On The Rocks

Jameson. On the rocks.
She used to joke and call it her apple juice. What fools. Who drinks apple juice at a bar?
She stared into her glass. Three was the limit.
She had done the calculations long ago when she had a friend to count with her.
That was fun. They both knew exactly how long it took before her voiced changed; before it hit her.

She took a sip. Then a drag from her cigarette.
Nights in the summertime were the most pleasant. Cool air combed through her long hair.
She was calm and collected.

She was supposed to do so much this summer. There were plans made, adventures to be had.
She looked into the glass of melting, golden ice. Why now?
The answer was already known. Now because it’s better than later. It would have happened anyway.

Too bad she didn’t feel the same way. She never felt the same way.
It was astonishing to her that she felt at all. Typically, she would cast it all aside and keep walking, wondering.
Who would her next partner be and what would he help her accomplish?
But now, now it was all different. The partner never changes in her mind.
Fantasy, illusion, dreams; it’s always the same lover. Always the same warm eyes, smiling face. Dimples. Like hers.
“Wow, I think this is the first time I actually understand when people talk about cute dimples,” she remembers saying. They look so good on him.

She flicked the ash off of her cigarette, raising the glass to her lips, attempting to obtain the most she could from the last drink. The ice clanked as she put the glass on the table. She reached for the bottle.
One more. She was going to make it worthwhile.

Letting the smoke hang off her lip as she poured, she remembered what pain the delicious drink had caused her.
It had made her angry, made her cry, made her regret.
She realized just how mortal she was the last time she had a drink before this night.
She sobbed and cried in his arms, telling him how she had failed. She was losing the one person she cared for the most in the world. He was leaving her because of her drinking; because of her lack of consideration; because she thought she was invincible and thought he would take it.

Her humanness hit her hard that night and the next morning and the days that followed.
She was human, she pained, she suffered. She couldn’t hide from this one. She couldn’t stand to lose.
He took a huge piece of her heart. It was the truth. She had enough to keep living, had enough love to give to friends around her; to make her happy.
Just enough.

The drink was dark yellow. She could down this whole thing if she wanted, without thinking about it. It would calm her and make her feel invincible again. When no one else was there, this was her savior. This is what made her get through it all.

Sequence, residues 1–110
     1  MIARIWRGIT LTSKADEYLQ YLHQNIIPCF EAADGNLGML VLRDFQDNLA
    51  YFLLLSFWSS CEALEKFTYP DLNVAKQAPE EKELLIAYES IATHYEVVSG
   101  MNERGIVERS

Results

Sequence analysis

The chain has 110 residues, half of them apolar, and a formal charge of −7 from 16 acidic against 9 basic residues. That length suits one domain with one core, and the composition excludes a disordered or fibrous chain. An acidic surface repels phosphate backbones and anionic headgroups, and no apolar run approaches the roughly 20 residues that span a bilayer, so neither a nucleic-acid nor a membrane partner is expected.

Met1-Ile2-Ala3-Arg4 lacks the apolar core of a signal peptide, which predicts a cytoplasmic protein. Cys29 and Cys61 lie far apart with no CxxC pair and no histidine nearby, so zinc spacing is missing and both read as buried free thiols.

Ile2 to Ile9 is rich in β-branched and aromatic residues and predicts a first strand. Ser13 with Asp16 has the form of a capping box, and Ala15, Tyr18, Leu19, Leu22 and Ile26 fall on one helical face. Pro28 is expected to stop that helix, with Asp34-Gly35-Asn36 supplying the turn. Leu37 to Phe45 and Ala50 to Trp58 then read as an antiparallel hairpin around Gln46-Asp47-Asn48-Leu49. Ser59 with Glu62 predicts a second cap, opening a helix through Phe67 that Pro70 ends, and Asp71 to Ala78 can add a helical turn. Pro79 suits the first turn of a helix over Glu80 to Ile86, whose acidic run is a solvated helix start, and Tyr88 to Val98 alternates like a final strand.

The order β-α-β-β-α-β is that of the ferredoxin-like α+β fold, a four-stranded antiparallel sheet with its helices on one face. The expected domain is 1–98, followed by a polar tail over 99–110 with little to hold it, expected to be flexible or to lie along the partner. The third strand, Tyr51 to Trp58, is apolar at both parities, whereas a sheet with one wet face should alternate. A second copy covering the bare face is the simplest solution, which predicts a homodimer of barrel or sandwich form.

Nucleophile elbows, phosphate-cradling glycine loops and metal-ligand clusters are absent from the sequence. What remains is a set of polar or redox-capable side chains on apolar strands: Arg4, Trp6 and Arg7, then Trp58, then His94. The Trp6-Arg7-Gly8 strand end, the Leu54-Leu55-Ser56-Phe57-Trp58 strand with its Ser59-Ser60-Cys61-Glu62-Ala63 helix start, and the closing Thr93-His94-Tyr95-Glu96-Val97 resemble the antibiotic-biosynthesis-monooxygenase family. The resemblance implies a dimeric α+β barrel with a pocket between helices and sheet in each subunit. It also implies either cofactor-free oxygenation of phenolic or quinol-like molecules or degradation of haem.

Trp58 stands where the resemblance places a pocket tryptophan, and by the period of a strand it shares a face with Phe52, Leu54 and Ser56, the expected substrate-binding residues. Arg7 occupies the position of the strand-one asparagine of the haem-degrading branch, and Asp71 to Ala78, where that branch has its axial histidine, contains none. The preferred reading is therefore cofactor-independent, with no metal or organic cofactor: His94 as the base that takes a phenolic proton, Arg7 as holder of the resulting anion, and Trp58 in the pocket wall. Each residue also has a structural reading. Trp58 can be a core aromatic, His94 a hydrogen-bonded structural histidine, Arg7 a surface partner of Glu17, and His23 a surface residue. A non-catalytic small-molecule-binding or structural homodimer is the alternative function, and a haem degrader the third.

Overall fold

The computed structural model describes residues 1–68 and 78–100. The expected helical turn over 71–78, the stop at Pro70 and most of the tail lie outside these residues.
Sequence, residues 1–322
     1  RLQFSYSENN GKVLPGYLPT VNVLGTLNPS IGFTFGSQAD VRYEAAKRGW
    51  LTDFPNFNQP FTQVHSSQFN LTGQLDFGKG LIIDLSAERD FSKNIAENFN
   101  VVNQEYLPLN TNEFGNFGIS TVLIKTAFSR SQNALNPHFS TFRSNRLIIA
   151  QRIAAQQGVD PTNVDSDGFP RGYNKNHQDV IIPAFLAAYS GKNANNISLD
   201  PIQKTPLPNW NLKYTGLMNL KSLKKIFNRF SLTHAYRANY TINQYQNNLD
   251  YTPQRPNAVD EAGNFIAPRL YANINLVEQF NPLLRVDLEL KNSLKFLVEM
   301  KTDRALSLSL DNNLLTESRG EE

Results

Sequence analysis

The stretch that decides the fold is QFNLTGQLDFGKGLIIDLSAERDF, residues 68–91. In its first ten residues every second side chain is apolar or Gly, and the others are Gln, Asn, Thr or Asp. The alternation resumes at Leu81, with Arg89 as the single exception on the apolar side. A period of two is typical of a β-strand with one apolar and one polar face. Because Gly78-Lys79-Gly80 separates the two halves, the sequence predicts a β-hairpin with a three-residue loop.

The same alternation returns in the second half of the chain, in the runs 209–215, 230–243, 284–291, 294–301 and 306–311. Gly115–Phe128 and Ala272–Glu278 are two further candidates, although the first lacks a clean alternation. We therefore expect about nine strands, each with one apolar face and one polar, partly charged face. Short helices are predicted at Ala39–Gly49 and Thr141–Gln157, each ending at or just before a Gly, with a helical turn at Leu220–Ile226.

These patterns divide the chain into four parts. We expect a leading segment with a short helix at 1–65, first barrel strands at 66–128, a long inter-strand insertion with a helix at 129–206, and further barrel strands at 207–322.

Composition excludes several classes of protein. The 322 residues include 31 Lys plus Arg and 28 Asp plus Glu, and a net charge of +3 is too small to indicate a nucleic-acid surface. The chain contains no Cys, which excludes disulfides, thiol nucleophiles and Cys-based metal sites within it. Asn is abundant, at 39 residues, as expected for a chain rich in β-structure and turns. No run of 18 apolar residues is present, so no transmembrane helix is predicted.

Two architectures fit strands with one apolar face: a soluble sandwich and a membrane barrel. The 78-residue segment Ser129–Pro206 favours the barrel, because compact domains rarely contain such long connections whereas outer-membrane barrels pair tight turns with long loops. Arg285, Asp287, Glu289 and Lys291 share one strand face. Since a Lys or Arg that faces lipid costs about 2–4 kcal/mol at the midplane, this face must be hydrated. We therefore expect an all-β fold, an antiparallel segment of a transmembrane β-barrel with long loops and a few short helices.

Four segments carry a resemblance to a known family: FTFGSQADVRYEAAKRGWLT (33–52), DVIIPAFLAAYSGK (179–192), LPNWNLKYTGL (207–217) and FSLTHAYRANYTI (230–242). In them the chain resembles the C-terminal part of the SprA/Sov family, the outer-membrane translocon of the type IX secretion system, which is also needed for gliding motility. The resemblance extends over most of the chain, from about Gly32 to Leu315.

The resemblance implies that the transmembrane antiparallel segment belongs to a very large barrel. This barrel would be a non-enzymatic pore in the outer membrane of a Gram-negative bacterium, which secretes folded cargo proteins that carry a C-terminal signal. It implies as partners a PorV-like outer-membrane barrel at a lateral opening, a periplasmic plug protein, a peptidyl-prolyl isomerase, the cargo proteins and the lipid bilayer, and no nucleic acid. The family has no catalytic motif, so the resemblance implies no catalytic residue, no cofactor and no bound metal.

She looked down. “You’re all I need,” she said. If anyone saw her, they would think she was talking to the glass of Jameson. “You’re all I need,” she repeated. She sipped. She felt like she was talking to a ghost. She could still feel his hand on hers when she drove. She could feel his kisses on her cheek when he was being cute. She could hear his laugh and feel his arms around her. “You’re all I need.”
She began to cry. Slow tears. She thought of him.

“You cry pretty,” he told her. “You’re pretty when you cry that it’s hard for me to even feel bad.” She laughed just thinking about it.

She cried. “You’re all I need.” She looked out into the dark water again. Put the glass down and lit another cigarette. She was doing what she felt at this moment, but in the most responsible way. She turned her phone off. She was close to home. She was only drinking three. There would be no calling of anyone. Only thinking and only her. She bit her lip.

Everything is ok, she thought. I’m ok. I have nothing to worry about. Only three. Self control was her motivation. Although, so was he. He was her secret motivation, inspiration. She did so much because of him.

Faith can move mountains, said her grandmother. She agreed. She had all the faith in the world. All the faith in the known world to continue to believe and stay right where she was. There are worse rocky roads. There are worse. This was the easy battle.

She gulped down a drink of the drink. That was a lot, but the flavor was now subsiding. She was able to taste, but not too much. She was able to drink without wincing. She let it roll over her, drown her pain, make it bearable.

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